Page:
If you’re still unsure about what method to use to pay off your debt

Monkey face rockPhoto courtesy of Eli Duke

If you’re like most people, you’ve got some form of debt. It could be a car loan, it could be credit cards, or it could be “good debt” like student loans.

No matter, it’s got to go. You need to get out of debt if you’re ever going to build any kind of wealth. Seriously. The money that’s going toward your debt is the same money that will go toward wealth.

And you want to be wealthy right? Or at least wealthy enough to have choices and to feel secure?

Then it’s time to get focused.

However, your immediate roadblock is figuring out what to focus on. After all, you probably have debt from more than one place.

There are two primary methods to paying off debt: focusing on the debt with the lowest interest rate first, versus focusing on the debt with the smallest debt amount first.

The latter, called the debt snowball, is by far the method I favor. Increased simplicity and more visible progress are the main reasons.

The other method (which doesn’t have as snazzy a name), will enable you to pay off your debts slightly faster, so you’ll save a little bit of money.

I’ve talked about how this works out in practice, but I want to revisit it, not because my views have changed, but because it’s so important.

Why choose?

The debate about smallest debt versus smallest interest rate will rage forever, like a Beatles/Stones debate or a Coke/Pepsi debate.

(My answers: Beatles, La Croix.)

 

The real answer to the Coke/Pepsi debate.

But hidden in those debates is a reality that people don’t acknowledge: you don’t need to pick one or the other! No one is forcing you to only listen to The Beatles, or drink Coke, for the rest of your life.

So too is your debt strategy.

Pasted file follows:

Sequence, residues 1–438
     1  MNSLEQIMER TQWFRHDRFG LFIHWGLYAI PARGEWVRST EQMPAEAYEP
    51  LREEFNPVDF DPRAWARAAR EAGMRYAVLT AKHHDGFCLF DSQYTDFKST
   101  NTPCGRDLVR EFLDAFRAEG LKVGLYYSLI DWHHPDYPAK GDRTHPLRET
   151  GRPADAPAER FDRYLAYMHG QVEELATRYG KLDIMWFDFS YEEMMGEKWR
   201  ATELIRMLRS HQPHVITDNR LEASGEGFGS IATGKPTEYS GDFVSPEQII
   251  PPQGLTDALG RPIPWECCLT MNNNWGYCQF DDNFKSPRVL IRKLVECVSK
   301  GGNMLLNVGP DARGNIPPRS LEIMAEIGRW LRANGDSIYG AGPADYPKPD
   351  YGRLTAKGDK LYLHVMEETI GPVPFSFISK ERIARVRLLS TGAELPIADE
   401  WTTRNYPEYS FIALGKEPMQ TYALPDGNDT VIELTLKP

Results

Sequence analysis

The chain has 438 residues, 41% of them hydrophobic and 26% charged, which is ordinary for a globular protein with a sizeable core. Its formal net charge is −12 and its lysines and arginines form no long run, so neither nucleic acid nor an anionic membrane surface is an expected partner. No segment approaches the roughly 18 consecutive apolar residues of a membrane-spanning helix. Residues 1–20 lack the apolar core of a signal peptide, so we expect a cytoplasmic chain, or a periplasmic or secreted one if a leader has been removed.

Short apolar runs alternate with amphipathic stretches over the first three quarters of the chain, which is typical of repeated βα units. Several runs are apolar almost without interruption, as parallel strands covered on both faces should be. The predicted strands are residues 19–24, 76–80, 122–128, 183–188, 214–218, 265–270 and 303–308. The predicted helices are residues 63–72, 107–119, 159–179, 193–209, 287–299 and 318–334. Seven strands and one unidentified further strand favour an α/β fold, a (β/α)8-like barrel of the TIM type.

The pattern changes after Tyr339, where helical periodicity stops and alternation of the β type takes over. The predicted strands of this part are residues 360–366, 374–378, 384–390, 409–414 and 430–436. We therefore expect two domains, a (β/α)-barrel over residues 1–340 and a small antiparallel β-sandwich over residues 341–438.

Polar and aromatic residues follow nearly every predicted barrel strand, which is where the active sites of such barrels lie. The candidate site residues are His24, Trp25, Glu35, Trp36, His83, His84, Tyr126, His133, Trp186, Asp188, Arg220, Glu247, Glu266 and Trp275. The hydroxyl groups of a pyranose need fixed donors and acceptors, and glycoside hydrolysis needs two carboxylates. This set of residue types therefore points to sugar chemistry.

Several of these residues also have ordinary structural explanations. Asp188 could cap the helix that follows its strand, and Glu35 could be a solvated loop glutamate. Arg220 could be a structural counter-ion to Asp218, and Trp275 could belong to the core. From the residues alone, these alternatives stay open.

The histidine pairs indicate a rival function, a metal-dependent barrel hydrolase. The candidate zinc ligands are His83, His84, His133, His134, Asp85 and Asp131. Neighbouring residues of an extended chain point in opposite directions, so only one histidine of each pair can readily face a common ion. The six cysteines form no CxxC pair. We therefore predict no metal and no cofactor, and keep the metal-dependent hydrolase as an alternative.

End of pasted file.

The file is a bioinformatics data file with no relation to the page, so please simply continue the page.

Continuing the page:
Example

Here’s an example. Let’s say you have the following debts:

a) Student loans: $40,000 @ 6%
b) Credit card: $6,000 @ 12%
c) Car: $5,000 @ 4%

The debt snowball will say that you pay off c) the car loan first, paying the minimums on everything else, then pay off b) the credit card, and then a) the student loan.

The other method says pay off b) the credit card first, then a) the student loan, then c) the car.

Personally, I think both strategies have some downsides.

The problem with the debt snowball is that the difference in balance between the car loan and the credit cards is so small, while the difference in interest rate is so great. I’d go for the credit card first over the car. Yes, it’ll take fractionally longer, but it’s a bigger win.

The problem with the other method is that you’ll have your car loan pretty much forever. Pay off $40,000 in student loans before your measly car? What a waste of payments. I’d get rid of the car before tackling the student loans.

So you see, in this case, neither method feels optimal. I’d pay off b) the credit card, then c) the car, then a) the student loans.

Focus on one

What do these two methods of paying off debt have in common?

They both recommend you focus on one debt at a time.

I know of no recommended method that advocates “paying a little extra on everything”. I’ll call that the “debt burnout” method, because that’s what you’ll do.

So frankly, as long as you focus on one of your debts, any one of your debts, you’re on your way to getting rid of them, and moving on with your life.

Mike Pumphrey

Mike Pumphrey

I'm the founder and author of Unlikely Radical, a site to help people succeed with money, achieve their goals, and live intentionally.

I offer a free phone consultation to anyone who is interested in changing their financial narrative. Are you ready? Click here for details.
Mike Pumphrey
Posted on May 4, 2017